Can't Make It Up
You can’t make this stuff up.
Fiction writers will despair of ever achieving originality if they first consider what is indisputably true.
Some believe it was a populist call to arms, denouncing the
monetary and business practices of the late nineteenth century. Baum’s father,
Benjamin, owned an oil business, competing with Standard Oil. In fact, both
John D. Rockefeller, and his assistant, John D. Archbold, may have worked for
the elder Baum (according to some sources). In some theories, this rivalry,
which didn’t go well for Baum, stoked young Frank’s secret inspiration for the
Wizard of Oz.
L. Frank Baum
Some find even more sinister motives, connecting the Wizard of Oz to the shadowy Illuminati, in which the book becomes a mind control program. In this world, Bob Hope was an MI-6 agent embedding trigger words in American soldiers during his extensive trips abroad. Hope was awarded, presumably by the Illuminati, mind-controlled female slaves, whom he often loaned to Sammy Davis, Jr., Dean Martin, Richard Nixon, and others. Whether any of this is true, it is undeniable that people believe it. Others find even more symbols and hidden messages in the story. Any of these plots, if you were thinking of exploiting them, cannot be made more intriguing.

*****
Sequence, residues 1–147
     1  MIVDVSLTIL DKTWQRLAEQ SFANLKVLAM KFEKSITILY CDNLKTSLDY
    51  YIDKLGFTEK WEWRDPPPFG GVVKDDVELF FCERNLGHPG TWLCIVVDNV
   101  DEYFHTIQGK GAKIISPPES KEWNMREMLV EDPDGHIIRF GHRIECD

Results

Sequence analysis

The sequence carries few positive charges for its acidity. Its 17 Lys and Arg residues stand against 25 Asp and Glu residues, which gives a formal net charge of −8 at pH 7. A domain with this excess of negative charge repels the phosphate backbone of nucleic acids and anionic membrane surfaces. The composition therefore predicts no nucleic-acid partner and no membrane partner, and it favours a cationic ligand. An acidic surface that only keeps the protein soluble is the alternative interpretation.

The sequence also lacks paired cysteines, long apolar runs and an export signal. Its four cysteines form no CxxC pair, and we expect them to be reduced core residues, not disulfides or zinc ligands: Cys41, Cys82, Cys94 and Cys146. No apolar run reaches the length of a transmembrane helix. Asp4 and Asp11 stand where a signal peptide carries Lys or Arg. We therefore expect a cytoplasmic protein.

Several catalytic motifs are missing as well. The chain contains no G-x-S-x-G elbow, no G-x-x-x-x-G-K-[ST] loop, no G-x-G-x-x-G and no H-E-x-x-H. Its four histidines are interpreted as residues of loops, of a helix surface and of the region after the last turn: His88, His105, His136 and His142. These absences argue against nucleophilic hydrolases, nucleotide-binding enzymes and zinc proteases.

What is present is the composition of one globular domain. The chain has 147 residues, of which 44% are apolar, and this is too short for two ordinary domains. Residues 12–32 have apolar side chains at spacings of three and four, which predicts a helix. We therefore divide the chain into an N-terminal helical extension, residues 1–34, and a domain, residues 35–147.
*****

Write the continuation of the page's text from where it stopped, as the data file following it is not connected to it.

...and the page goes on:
Then, there is the strange case of the Wizard of Oz Theme Park. It was built on land inherited from the estate of John D. Archbold, usually described as the right hand man of John D. Rockefeller, the founder of Standard Oil, with whom L. Frank Baum’s father had a business feud. Is this the spirit of old John D. finally taking over the Wizard of Oz from L. Frank Baum, just as Rockefeller, in the flesh, took over old man Baum's business? Or is it the Wizard returning to the scene of the crime, revisiting its inspiration? Today, the place is in disrepair and faltering, perhaps about to close. Will this mean the end of the Illuminati? You just can’t make this stuff up.
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